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Russian researchers have developed
a new technology for producing magnetic
materials used in MR scanners at
a lower cost

Engineering solution reduces MR production and scanning costs

by John R. Fischer , Staff Reporter
An engineering solution that can produce magnetic materials at a lower cost may reduce the expenses of MR imaging devices and scans.

Researchers at the National University of Science and Technology MISiS in Russia have collaborated with the production association, Magneton, to develop a technology for manufacturing low-cost hard magnetic materials and permanent magnets that, according to their estimates, will cut the current cost of MR analysis in half.

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"The use of new soft magnetic materials has allowed us to develop magnetic conductors for a magnetic system of the scanner with low loss, while maintaining high values of magnetization saturation (more than 2T),” Evgeny Gorelikov, the project head, candidate in political sciences and deputy director of the NUST MISiS Engineering Center for Industrial Technologies, said in a statement. “All this allowed us to design and reduce the weight of permanent magnets used in the design of magnetic systems by almost 30 percent, and thus reduce the cost of the devices.”

MR scanners that utilize superconducting magnets provide the highest image resolution, but are difficult to design and expensive to operate, making them difficult to afford, particularly in Russia. A single analysis with an MR scanner costs between 4,000-12,000 rubles ($70.84-$212.52) depending on the body part scanned and the clinic.

The solution is a prototype of an economically- and environmentally-friendly low-field MR imaging prototype that produces magnets using alloys of rare, domestic earth metals and their compounds, including ones obtained in the processing of industrial waste magnetic production.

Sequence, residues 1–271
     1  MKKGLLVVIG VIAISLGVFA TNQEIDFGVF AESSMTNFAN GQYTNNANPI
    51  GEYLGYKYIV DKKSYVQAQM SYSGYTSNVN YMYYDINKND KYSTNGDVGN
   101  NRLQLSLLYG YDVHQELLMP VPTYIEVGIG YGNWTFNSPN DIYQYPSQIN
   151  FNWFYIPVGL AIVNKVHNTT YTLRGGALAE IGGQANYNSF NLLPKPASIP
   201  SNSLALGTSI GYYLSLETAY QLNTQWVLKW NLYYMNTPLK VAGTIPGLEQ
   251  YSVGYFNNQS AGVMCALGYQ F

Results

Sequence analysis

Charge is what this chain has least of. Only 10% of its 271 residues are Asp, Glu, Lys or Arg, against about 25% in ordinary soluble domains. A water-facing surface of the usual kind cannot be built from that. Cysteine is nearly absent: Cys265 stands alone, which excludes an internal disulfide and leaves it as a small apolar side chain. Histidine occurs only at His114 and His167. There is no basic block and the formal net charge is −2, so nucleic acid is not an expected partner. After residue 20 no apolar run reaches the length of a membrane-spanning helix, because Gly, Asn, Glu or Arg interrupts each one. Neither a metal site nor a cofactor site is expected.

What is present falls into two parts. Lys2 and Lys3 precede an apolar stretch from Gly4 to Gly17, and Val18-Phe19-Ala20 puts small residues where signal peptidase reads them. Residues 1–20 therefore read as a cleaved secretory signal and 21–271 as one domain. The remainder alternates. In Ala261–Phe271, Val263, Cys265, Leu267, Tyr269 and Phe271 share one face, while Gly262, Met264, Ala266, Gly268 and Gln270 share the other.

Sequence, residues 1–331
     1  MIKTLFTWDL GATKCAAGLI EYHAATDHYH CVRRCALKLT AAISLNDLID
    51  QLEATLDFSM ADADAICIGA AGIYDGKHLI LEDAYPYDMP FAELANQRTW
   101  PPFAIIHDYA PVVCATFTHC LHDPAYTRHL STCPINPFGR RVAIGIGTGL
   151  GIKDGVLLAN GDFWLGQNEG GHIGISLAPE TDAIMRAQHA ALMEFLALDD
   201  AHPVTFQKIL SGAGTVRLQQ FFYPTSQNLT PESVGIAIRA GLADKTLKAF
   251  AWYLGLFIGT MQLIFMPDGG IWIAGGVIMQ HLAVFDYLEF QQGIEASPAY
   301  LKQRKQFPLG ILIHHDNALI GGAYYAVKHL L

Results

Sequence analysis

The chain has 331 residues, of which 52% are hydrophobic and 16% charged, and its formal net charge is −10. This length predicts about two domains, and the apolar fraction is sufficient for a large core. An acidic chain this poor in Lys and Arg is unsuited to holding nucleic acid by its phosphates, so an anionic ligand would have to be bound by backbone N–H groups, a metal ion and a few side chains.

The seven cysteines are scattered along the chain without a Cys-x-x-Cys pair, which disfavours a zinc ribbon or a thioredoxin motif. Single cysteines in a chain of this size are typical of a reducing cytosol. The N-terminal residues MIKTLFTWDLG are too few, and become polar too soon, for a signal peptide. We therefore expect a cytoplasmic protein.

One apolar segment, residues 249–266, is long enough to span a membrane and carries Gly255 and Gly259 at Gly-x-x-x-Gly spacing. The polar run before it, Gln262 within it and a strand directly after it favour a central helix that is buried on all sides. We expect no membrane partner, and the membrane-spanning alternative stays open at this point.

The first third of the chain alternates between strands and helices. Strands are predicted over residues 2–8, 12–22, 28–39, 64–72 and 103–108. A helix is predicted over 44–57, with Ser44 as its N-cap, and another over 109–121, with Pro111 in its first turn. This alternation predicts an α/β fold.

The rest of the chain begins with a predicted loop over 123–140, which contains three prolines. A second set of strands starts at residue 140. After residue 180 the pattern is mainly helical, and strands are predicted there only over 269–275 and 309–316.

The use of these materials has decreased cost 1.5 times. In addition, the new MR technology does not require cryogenic technology, liquid nitrogen, helium fluid and water for cooling to run, compared to those with superconducting magnets or electromagnets.

It also can be powered with renewable energy sources, such as solar panels, with a consumption of less than 1 kilowatt.

Researchers at the University of York in the U.K. recently developed their own approach for lowering the MR costs by magnetizing molecules found naturally in the body to increase their visualization and enable them to be detected using smaller, cheaper magnets or even the earth’s magnetic field, eliminating the need for superconducting magnets.

The MR technology operates with low magnetic fields, which can cover most common diagnostic tests and are preferred by small clinics and private practice physicians. Large providers will also take interest, buying the scanners as second and third installations for mass screenings.

Researchers hope that their project will create a competitive industry with lower production costs for magnetic materials and a basis for the autonomous production of new generation, low magnetic field MR scanners in Russia.

NUST MISIS did not respond to a request for comment.

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